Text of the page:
In 2020, organizations need a solid unified communications strategy to succeed. But, with all of the vendors and platforms out there, there are a million different possible approaches to arriving at one—and the landscape is constantly changing. This was the subject of Tuesday morning’s session of the IMCCA’s Collaboration Week New York, which was held at Google’s Chelsea headquarters.
“A lot of the same things we were dealing with 20 and 30 years ago, we’re still dealing with today,” said Dr. S. Ann Earon, president of Telemanagement Resources International and chairman emeritus of the IMCCA, in reference to the lack of unification in unified communications. “I think this is more of an evolutionary process than a revolutionary process.”
With this preface, Earon proceeded to give an overview of the state of competition, interoperability, and ecosystems in the industry. “More of the big players have finally put their toe in the water—by that I mean the Microsoft, Cisco, Google, and Amazon bigger companies,” she said. “The traditional vendors will face a crisis of prioritization in their investments, and the vendors that don’t significantly invest in cloud these days are going to fail.”
This fluidity means organizations need to adjust their timetables for implementing changes. “Gone are the days where we do these things and write them off over a three- to five-year period,” Earon said. “We’re having a leapfrogging of technology all the time, and we’ve become a very disposable society.”
Overall, Earon sees the industry moving from favoring combinations of “best of breed” products to consolidated, integrated suites that address every UC need. “It’s who’s got the best out there, who’s got the easiest out there, and who’s going to play in multiple sandboxes,” she said.
But, according to end users in the following panel discussion, this transition has yet to play out in practice. “The all-in-one solution is not the solution for organizations like us,” said Thomas Earley, manager of global infrastructure at the Ford Foundation. “We have Slack, and a lot of our partners use Slack, so we need to be able to interoperate between various platforms.”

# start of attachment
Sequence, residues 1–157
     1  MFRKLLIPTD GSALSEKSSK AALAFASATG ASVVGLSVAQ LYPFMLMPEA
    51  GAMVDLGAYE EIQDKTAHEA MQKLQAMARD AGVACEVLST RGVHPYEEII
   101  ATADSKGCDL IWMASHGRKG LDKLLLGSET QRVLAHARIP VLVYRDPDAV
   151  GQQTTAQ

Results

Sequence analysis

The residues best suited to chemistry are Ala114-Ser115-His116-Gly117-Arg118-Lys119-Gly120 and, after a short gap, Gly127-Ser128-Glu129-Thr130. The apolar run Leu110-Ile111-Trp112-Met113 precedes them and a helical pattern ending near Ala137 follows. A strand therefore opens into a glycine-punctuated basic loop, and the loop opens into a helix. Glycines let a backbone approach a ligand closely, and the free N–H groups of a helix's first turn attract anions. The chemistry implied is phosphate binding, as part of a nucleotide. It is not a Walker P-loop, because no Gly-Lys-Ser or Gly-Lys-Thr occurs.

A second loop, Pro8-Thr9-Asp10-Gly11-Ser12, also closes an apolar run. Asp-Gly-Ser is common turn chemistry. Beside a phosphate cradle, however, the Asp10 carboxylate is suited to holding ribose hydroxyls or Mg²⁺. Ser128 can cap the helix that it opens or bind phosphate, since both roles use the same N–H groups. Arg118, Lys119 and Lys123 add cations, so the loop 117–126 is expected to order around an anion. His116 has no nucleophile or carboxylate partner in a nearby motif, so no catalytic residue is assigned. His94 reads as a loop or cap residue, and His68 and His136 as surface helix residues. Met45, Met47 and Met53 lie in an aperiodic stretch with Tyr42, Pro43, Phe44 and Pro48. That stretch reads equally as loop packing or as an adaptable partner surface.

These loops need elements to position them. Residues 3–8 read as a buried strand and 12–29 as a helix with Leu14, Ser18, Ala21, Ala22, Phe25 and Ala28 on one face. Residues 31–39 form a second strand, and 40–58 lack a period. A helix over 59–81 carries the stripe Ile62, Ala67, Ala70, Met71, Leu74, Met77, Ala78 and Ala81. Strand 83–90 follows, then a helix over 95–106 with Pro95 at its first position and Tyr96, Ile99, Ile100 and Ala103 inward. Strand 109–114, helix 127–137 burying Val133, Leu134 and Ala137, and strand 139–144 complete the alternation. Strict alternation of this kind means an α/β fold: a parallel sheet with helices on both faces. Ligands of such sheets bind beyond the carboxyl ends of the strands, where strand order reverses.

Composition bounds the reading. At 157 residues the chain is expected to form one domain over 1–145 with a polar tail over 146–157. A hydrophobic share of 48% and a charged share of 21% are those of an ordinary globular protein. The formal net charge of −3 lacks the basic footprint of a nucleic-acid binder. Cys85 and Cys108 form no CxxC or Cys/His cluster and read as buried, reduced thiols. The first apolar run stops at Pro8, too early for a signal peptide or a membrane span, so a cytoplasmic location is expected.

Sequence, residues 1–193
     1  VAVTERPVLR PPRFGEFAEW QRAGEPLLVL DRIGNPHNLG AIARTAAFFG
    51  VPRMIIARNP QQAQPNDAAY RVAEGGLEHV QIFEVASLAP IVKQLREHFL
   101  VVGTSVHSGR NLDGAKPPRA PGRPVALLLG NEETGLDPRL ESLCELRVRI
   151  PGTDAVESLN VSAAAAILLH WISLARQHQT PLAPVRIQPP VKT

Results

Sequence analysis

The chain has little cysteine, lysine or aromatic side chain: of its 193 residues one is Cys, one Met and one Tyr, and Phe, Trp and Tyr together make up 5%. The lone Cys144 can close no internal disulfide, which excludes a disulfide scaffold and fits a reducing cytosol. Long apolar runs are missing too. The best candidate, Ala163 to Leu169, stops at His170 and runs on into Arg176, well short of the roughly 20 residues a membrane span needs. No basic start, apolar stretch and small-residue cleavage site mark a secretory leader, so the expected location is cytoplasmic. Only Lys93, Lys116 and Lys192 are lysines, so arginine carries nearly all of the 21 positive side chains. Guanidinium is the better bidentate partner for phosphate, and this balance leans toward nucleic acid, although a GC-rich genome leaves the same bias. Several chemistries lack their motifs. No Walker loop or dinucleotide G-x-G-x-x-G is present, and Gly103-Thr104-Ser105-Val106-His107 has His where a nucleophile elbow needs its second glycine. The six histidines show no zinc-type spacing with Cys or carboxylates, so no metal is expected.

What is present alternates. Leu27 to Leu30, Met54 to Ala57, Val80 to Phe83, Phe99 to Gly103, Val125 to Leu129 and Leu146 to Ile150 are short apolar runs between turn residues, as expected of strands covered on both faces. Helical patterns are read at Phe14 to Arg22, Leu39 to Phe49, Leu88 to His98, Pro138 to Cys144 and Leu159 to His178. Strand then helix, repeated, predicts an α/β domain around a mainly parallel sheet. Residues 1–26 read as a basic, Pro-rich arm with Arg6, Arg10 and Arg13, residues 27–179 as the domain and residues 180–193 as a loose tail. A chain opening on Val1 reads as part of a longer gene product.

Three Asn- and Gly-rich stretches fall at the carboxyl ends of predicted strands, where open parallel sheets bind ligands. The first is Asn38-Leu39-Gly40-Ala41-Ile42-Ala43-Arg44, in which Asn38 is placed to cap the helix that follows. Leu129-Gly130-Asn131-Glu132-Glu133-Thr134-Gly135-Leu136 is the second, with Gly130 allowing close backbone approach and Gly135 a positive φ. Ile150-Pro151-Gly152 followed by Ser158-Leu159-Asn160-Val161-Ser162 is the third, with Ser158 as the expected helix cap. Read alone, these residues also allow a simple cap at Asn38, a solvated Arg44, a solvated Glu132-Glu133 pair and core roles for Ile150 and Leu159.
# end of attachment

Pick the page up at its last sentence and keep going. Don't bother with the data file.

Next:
“We’re going to have multiple toolsets,” agreed Kevin Hyatt, manager of workplace services at Disney. “I look at it from the 80/20 rule: what can we get out to 80 to 90 percent of the population? We’re always going to have little semblances of Cisco Webex or G Suite, or smaller platforms from a footprint perspective, but how do we kind of standardize on platforms?”
Hyatt compared the situation to the wider computing environment: “We have Windows and Macs, we have iOS and Android platforms,” he said. “We don’t isolate out that IT part of it, so why would we do that for a collaboration toolset? And we do tons of business with other companies, so we’re not going to force somebody to use our toolset to talk to Disney.”
Josh Klempner, vice president of multimedia technology at Citigroup, also agreed that the challenge lies in operating a mix of solutions. “It’s a continual learning and discovery path,” he said. “A lot of those [technologies] work great by themselves, but together, in a big, complex organization? That’s the big challenge. And I don’t think it’s possible to get it right the first time at all.”
According to the panelists, one barrier to the adoption of a streamlined platform—and indeed cloud-based communications in general—is regulatory policies. “For enterprise organizations, there are still countries in the world that will not release the telco laws, that they still want to control that voice traffic, that video traffic through their networks,” Earley said. “So moving to a cloud telephony system is not practical without putting gateway appliances in. If your goal is not to have infrastructure, that’s a no-go.”
Another challenge discussed was managing expectations: making sure users know that like cell phone service, some degree of failure is to be expected. Overall, though, the presenters feel that we’re moving in the right direction. “From a service ownership perspective, if I get one or two comments a day about a bad call, I’m OK with that—we do 12,000 video calls a day,” Hyatt said. “The trajectory of usage is going [up], while the volume of noise from an end-user perspective is going down.”
Following the panel, Sandy Jones, global sales lead at Google, presented on the benefits of cloud collaboration and his company’s efforts to refine the concept of the all-inclusive UC platform. “One of our firm beliefs is pure cloud, because of the simplicity, security, and speed,” he said. “We also recognize that this is a cultural change. Sometimes people think we’re trying to get people to work like Google. I think what we’re trying to do is get people to work like digital natives—trying to get people to embrace the internet, embrace the cloud, because it frees you from all these other pieces that you need to worry about and maintain and allows you to focus on your business.”